Academic year follow-up included site visits to schools of participants and one-day workshops to enhance classroom implementation. Conferences and one-day workshops were held during the four-year period with some being conducted through interactive audio and video on the Mississippi Community College Network and through interactive audio via satellite.

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Rationale

The Problem

It is common for newly-graduated students to enter the workplace without many of the necessary skills needed to complete specific tasks or projects in their field. In school students usually are taught "what" to do but not "how" or "why".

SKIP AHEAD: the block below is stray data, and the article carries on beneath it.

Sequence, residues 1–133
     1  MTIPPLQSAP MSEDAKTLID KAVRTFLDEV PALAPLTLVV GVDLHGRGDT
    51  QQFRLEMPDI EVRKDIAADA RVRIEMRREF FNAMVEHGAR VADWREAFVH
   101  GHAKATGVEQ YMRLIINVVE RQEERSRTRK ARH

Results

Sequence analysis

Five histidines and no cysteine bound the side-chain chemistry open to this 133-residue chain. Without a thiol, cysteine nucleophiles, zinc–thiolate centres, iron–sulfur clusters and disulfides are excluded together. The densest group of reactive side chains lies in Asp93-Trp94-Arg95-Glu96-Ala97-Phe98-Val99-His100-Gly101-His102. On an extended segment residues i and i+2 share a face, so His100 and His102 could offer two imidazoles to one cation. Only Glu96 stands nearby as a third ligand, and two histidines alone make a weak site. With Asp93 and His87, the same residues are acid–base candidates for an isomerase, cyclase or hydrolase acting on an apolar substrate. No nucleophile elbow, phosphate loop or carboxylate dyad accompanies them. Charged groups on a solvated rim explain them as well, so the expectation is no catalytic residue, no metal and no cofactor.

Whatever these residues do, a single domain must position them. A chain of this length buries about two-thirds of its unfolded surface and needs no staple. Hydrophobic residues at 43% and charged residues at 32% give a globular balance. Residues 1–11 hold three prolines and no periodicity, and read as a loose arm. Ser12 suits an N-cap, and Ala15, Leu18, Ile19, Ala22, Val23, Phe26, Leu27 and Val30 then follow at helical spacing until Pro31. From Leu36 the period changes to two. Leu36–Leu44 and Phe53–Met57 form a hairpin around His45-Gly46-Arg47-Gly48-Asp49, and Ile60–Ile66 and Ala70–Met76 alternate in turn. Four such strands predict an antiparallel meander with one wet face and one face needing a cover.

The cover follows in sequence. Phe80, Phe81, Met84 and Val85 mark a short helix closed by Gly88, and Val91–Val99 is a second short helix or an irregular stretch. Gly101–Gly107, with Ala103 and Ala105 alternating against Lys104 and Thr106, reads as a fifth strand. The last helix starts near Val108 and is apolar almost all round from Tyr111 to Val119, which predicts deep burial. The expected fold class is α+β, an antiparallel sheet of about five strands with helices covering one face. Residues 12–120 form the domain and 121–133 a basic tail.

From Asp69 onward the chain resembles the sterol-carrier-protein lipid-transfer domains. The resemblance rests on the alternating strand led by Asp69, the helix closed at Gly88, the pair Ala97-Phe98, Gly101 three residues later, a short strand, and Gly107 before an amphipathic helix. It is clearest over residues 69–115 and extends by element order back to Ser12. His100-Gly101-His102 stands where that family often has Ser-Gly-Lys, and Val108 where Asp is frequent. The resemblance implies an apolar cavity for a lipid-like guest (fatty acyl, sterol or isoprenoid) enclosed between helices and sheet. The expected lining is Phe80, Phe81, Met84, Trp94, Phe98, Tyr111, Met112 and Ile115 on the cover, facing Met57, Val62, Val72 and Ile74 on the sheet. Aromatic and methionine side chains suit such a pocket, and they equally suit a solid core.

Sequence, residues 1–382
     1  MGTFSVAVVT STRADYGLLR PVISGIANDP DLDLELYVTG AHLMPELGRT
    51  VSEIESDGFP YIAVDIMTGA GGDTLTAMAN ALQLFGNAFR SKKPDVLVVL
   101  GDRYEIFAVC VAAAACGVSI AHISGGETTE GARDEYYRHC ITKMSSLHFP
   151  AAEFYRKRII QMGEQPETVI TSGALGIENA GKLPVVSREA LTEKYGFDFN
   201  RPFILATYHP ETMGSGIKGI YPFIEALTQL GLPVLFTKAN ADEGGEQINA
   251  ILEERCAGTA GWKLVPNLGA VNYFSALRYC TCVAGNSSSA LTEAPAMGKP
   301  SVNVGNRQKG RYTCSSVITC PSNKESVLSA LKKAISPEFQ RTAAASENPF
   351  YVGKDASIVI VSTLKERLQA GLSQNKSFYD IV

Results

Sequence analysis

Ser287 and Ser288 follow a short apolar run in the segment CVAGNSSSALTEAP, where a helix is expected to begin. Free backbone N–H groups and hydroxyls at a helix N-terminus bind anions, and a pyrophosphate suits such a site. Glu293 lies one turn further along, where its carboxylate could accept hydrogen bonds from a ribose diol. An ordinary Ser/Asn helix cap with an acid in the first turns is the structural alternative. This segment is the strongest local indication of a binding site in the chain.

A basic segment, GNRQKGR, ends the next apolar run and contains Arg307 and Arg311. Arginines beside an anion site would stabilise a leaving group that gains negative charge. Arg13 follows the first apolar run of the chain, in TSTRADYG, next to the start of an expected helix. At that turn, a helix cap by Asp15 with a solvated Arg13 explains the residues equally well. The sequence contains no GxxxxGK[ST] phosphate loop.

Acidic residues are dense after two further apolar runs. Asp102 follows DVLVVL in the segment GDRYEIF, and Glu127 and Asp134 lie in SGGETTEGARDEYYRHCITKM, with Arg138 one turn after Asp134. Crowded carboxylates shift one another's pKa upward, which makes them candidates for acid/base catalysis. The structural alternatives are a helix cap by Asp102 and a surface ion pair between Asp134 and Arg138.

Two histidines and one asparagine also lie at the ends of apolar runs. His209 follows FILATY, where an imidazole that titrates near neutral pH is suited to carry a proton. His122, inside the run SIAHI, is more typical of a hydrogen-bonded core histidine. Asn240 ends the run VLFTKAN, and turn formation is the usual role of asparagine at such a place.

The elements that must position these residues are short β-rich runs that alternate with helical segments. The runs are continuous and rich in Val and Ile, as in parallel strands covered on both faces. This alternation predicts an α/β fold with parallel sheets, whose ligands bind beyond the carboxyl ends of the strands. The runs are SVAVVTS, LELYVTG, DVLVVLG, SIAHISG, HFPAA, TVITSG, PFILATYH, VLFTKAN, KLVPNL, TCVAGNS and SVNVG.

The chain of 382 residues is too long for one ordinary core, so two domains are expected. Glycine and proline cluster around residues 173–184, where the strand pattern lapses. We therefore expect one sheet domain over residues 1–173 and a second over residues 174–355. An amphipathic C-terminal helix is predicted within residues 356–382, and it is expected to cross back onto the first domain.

A recent high school graduate finds that she is ill-equipped to get a skilled job in microphone manufacturing. She knows nothing about the practical applications of magnetism in microphones. Her physics teacher has never visited a local microphone manufacturing company -- until now.

A graphics designer, starting her first job out of school, finds that her ads must be printed on "film" and developed by a process in which she was not taught in college. Her professor has never visited or worked in an advertising department or agency.

A recently graduated electrical engineer finds himself reassigned from the design department because he had not been taught how to design circuit board layouts in college. His professors have never visited a design department of an electrical engineering business and do not know that designing circuit boards is a necessary skill.

The Solution